THE INDEX — November 30, 2009

Iranian Press TV reported on Sunday Iran’s intention to construct ten additional uranium enrichment facilities. President Mahmoud Ahmadinejad has requested Iran’s Atomic Energy Organization generate 20,000 megawatts of electricity for domestic use through 500,000 additional centrifuges by 2020. Vice President Ali Akbar Salehi explained that the decision was a direct response to the recent criticisms from the United Nations, and especially the International Atomic Energy Agency (IAEA) and the P5+1 (the five permanent members of the Security Council, plus Germany). “We had no intention of building many facilities like the Natanz site,” Salehi said, “but apparently the West doesn’t want to understand Iran’s peaceful message.” In Paris, French Foreign Minister Bernard Kouchner labeled Iran’s decision “a bit childish.” Also on Sunday, more than 200 members of the Iranian parliament signed a letter urging Ahmadinejad to restrict the IAEA’s presence in Iran, and some called for Iran’s withdrawal from the Nuclear Non-Proliferation Treaty (NPT). Withdrawal would eliminate the West’s already limited inspection capability in Iran, but in so doing would signal malicious intent—beyond Iran’s stated peaceful intent for civilian energy—that might prompt harsher sanctions and perhaps even preemptive military action from Israel or others. As to Iran’s peaceful nuclear power generators, Russian sources told Reuters on Monday that the Bushehr plant—which Iran has contracted to Russia for an estimated $1 billion—will likely begin generating electricity in March 2010, coinciding with the Russian New Year.

Results from the Honduran presidential election, in which voters have appeared to reject President Manuel Zelaya, are putting the United States and Brazil at odds over the future of the Latin American nation. Zelaya, who was ousted from the presidency in a military coup in June, apparently lost to opponent Porfirio Lobo, who according to provisional election results won about 56 percent of the vote. The United States praised the vote; a U.S. State Department spokesman said the “the Honduran people took a necessary and important step forward.” But Brazil, which has hosted Zelaya in its embassy in Tegucigalpa since mid-September, said it would not recognize the results because of the military coup. “Brazil will maintain its position because it’s not possible to accept a coup,” said Brazilian president Luiz Inacio da Silva. Zelaya has called the election a “fraud” and tried to get Hondurans to boycott the vote.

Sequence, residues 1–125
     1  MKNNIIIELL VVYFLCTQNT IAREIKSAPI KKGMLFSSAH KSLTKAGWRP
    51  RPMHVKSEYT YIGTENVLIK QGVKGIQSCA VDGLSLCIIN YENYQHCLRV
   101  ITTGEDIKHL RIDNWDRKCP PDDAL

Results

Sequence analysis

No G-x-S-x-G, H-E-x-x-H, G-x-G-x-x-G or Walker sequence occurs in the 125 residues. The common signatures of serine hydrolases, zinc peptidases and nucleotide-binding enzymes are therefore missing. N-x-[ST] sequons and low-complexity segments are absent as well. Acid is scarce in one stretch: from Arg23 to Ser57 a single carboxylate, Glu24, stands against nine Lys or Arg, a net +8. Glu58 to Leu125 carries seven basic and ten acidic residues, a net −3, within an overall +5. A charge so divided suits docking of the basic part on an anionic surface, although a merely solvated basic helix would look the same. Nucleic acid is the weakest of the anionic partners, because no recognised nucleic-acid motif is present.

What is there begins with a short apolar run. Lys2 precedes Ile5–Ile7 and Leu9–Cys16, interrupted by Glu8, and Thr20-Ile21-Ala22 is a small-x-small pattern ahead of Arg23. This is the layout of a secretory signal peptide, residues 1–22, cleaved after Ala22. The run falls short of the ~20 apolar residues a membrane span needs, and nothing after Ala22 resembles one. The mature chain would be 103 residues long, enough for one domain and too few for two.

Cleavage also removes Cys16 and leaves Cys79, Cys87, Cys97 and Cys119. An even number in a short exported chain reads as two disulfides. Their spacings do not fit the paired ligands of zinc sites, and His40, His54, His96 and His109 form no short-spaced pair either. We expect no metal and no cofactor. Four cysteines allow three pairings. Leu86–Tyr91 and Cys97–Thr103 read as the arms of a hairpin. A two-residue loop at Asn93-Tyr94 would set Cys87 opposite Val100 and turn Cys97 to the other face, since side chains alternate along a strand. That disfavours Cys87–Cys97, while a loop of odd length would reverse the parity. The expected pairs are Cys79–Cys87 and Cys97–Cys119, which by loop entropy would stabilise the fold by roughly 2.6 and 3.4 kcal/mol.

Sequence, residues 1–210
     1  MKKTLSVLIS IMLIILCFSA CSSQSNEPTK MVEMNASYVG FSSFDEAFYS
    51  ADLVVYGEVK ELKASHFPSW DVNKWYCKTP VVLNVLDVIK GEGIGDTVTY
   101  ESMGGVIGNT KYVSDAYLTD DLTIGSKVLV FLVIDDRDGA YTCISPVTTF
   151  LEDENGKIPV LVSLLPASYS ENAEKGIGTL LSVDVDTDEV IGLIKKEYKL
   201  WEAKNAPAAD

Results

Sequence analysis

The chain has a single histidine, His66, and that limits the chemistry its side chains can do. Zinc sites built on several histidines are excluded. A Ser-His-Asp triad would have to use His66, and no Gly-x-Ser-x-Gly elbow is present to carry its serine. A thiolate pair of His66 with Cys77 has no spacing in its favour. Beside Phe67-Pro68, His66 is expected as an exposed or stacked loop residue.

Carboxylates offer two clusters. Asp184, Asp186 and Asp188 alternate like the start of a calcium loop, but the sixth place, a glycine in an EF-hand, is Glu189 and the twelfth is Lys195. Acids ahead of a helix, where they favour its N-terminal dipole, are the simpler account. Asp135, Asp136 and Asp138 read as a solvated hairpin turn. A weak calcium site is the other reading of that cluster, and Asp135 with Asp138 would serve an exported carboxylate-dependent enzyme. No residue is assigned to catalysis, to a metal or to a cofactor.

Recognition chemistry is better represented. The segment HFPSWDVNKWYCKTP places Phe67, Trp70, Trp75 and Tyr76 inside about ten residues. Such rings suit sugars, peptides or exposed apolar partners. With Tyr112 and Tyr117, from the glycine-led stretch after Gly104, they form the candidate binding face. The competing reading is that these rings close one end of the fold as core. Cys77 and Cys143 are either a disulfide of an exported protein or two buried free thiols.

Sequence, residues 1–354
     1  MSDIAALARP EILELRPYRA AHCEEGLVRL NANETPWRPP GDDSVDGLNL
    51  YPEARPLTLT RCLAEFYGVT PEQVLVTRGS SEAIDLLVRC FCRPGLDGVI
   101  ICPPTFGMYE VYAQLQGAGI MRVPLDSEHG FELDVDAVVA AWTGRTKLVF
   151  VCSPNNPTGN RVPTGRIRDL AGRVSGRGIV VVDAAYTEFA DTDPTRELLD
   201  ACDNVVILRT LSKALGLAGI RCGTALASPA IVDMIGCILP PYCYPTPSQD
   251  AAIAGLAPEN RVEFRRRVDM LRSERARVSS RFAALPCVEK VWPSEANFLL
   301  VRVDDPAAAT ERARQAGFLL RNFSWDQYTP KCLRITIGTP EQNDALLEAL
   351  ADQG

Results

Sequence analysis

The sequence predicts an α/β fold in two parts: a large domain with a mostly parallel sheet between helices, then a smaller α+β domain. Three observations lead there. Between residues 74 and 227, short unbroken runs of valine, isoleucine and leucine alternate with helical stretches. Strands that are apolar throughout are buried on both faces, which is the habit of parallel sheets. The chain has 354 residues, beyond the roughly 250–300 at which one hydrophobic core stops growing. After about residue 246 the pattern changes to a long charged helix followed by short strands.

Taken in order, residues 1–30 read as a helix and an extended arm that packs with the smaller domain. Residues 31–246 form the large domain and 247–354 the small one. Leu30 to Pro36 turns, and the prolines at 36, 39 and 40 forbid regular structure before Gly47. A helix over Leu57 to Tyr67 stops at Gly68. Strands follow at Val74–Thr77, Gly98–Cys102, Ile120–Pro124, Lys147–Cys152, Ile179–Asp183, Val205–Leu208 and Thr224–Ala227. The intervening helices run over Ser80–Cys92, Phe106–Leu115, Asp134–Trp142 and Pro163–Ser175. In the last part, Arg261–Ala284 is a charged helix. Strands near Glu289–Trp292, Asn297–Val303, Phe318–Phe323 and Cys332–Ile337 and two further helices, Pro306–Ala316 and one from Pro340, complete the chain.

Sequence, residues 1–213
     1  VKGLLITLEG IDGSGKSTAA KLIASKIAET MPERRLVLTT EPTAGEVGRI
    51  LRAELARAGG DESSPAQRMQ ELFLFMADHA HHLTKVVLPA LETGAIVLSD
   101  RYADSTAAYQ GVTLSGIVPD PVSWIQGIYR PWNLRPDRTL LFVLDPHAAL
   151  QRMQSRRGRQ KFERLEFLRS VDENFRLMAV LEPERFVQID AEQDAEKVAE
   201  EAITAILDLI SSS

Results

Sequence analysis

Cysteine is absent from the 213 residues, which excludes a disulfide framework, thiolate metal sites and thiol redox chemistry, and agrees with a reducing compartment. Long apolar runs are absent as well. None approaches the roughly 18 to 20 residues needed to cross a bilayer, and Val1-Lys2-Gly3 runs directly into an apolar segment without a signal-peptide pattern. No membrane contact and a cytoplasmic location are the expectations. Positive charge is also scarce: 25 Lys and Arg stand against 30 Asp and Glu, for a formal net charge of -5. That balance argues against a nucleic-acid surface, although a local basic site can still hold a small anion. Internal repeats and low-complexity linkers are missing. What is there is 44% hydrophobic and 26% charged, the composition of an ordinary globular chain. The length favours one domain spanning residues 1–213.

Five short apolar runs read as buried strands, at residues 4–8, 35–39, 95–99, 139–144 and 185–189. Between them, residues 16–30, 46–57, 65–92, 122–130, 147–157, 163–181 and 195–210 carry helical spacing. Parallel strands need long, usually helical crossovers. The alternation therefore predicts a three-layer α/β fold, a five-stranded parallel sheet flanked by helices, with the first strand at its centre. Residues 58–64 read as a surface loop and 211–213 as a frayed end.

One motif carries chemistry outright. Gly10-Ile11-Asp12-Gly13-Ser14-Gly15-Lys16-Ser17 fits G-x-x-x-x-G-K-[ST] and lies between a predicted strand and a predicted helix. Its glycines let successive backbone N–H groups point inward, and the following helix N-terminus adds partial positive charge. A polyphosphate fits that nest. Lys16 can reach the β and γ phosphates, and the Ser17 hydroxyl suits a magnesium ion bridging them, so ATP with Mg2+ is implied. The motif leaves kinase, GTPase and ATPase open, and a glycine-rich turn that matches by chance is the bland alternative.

The government of Dubai announced on Monday that it will not guarantee the debt of the investment firm Dubai World. The Director General of Dubai’s finance department, Abdulrahman al-Saleh, warned that creditors are responsible for their own lending decisions. “Creditors need to take part of the responsibility for their decision to lend to the companies. They think Dubai World is part of the government, which is not correct.” The federal United Arab Emirates (UAE) pledged cautiously on Monday to lend to Dubai banks, hoping to allay a crisis of confidence similar to, if on a far smaller scale, that which crippled the global economy last fall. “We will look at Dubai’s commitments and approach them on a case-by-case basis,” an anonymous UAE official told the press. “It does not mean that Abu Dhabi will underwrite all of their debts.” The Dubai finance department last week requested a six-month standstill on all Dubai World debts, including that of its property development subsidiary, Nakheel, totaling some $59 billion. Dubai World, a major impetus for Dubai’s stellar economic growth, had invested in lavish real estate projects, including artificial islands in the Persian Gulf and properties in Manhattan and Las Vegas. The standstill request surprised global investors who believed, and were told by Dubai officials, that the emirate would face no financial troubles in the near future. Mr. Saleh cautioned that global markets were overreacting to the news of Dubai’s standstill request and that, while firms will take losses in the near future, they will emerge stronger as the government restructures the businesses.

Trade chiefs from over 150 countries gathered in Geneva as the World Trade Organization (WTO) opened its first ministerial conference in four years. The conference, which commenced on Monday, was arranged as “a platform for ministers to review the functioning” of the multilateral trade body, said Director-General Pascal Lamy. Though it is not a negotiating forum, Lamy still urged the ministers to speed up their progress on the eight-year-old Doha Development Round, the WTO’s currently stalled round of trade negotiations. “The best way of strengthening the [international trade] system is concluding this round,” said Lamy, as world leaders set a new 2010 target to conclude the process. “Now we need action, concrete and practical action, to close the remaining gaps.” Developing countries echoed his call for urgency; the Cairns group, an alliance of 19 nations that account for more than 25 percent of the world’s agricultural exports, expressed its dismay at the lack of progress on Doha. The group of 33 developing countries (dubbed the G-33) also called for action, noting that it would stand firm to preserve developing-country interests as the Doha round proceeds, particularly on the contentious special safeguard mechanism (SSM)—the right to retain protective tariffs on agriculture should imports surge or prices drastically fall—that led to last year’s breakdown in talks. The conference (which will conclude on Wednesday) is set to address other trade-related issues as well, such as improving the resolution of trade disputes, preventing protectionism, enlarging membership, and cooperating with other international organizations.

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